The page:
Months of planning for our 3-day trip was now upon us, cars packed and ready to go with Stuart facing a 9 hour drive all the way down from Scotland to Norfolk.
Who are we? A very small group of Predator Fly anglers who have been actively targeting Wels Catfish on fly for the last 5 years, this was our 6th trip after Wels catfish in East Anglia. Our first was September 2019 after reading about Stuart Watson landing what became the first known record with a 59.2lbs cat earlier that year. Some will already know Oliver Culingford who has held the biggest cat on fly since 2021, Stuart Smith who got the first Cat on fly on a float tube in 2021, Barbara Craig who was the first known lady to land a cat in the UK in 2022, Dean Barker and Andrew Eglon all on this trip. We are currently the core moggie on fly anglers making it a small group of 7-8 people actively targeting these fish in the UK, all good things start somewhere.
The weather did not look in our favour aligning with the “wash out July” that is set to continue. We arrived on Wednesday to get set up and get the float tubes ready while it was till dry. Andrew heading off with rod in hand for his first cast and into a fish straight away! In the back of our minds, we pondered about the “first cast curse”; you know the one, catch a fish first cast and not see another for the entire trip! Things went quiet early evening as the rain set in for the night, this would not deter anyone as we fished into the dark in the rain. Fly fishing at night takes your casting to a whole new level, we often start before dusk so that we can see our surroundings to work out how far that back cast can be and continue casting into the darkness with no head torches switched on. This is where your other senses kick in, you feel the line loading the rod and can hear it shooting out. Another thing that we have found fishing at night in the tubes is what your mind does in the little hours, sounds become louder, you jump out your skin when a Carp decides to jump out the water near you or freak out when you bump into a big cat with your legs/flippers! That “first cast curse” soon got debunked as Andrew saw another catfish in his net and little did we know; this trip would turn out to be one of the best we have ever had.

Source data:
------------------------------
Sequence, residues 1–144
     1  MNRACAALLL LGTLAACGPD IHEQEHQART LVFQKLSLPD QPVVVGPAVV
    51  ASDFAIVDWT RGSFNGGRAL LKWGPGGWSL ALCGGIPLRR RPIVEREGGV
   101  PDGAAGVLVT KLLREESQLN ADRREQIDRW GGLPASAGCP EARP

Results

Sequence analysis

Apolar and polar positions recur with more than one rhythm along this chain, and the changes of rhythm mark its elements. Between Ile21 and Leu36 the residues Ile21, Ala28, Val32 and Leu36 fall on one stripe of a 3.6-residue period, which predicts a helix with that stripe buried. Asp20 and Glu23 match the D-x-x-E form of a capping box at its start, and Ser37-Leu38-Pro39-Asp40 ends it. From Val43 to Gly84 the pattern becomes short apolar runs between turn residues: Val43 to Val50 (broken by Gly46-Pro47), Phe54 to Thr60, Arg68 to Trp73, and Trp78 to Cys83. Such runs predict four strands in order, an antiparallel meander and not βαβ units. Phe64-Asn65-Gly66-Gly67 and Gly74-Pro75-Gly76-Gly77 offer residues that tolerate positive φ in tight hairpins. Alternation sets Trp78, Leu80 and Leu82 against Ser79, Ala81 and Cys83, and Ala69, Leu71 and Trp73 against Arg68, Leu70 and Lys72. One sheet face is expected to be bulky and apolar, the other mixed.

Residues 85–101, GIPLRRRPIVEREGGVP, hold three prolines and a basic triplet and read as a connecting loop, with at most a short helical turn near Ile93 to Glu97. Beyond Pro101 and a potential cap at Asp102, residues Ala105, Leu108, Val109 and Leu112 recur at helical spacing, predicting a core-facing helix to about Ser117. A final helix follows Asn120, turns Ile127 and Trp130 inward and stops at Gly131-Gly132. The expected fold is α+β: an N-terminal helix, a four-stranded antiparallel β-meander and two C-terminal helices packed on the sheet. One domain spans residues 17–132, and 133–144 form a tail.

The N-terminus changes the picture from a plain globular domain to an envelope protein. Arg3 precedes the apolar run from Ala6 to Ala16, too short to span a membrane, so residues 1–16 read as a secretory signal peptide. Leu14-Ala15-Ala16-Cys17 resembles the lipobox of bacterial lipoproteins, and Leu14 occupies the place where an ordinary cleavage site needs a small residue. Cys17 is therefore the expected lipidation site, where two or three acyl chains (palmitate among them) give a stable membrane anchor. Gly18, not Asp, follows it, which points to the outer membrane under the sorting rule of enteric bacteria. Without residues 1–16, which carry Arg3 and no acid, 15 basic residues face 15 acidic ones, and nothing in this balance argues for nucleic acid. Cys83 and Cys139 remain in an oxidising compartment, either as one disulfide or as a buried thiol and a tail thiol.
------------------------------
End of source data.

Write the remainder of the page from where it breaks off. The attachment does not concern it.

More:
Thursday early morning saw a couple more Cats in the net ranging around the 20lbs mark, all of which were caught from float tube. The float tube record was set by Stuart in 2021 with a 25lbs cat, float tubes give us better access to spots that you can’t reach or cast from on the bank. We often break the day/night up by doing a mixture of tube and bank fishing. Day time sees us often take a break to check gear over, catch up with each other and recharge after the long drive and all-night fishing. Andrew woke up looking like a join the dots game after he got eaten by mosquitoes which often brings up the discussion of using mozzie spray and how the smell of that can transfer to your fly and put the fish off. Again, that theory also got thrown in the bin alongside the first cast curse as we all used mozzie spray and the cats kept on coming.
Landing any cat is a team effort on any trip we are on, this year we set up a central landing/weighing station. Every time a 2nd person in a tube was there to help net the fish, once secure in the net resting being paddled back to the landing station to be unhooked, weighed, photos with more rests in-between.
Action started again early evening with Andrew hooking in to a 44lbs cat on the tube which broke the record, no sooner had we got back out fishing an hour later; Oliver hooked in to a 60lbs cat (check weight) on the float tube seeing the tube record broken again. We knew it was a much bigger cat as it didn’t break the surface till near the end of the fight!
One thing that did seem a trend this trip is that the cats were taking the flies that were being fished deep and with a slow retrieve, figure 8 or 2 short pulls with long pauses. We all use floating lines as the catfish venues aren’t on average very deep, this venue is approximately 5-8ft deep with plenty of features and snags. Our leaders were all ranging between 7-9 ft long which helped to get the fly down deeper.
Something else we picked up on this trip is that the cats didn’t seem to be making big runs, with the float tubes being above them; they instead headed for the bottom and tried to stay there.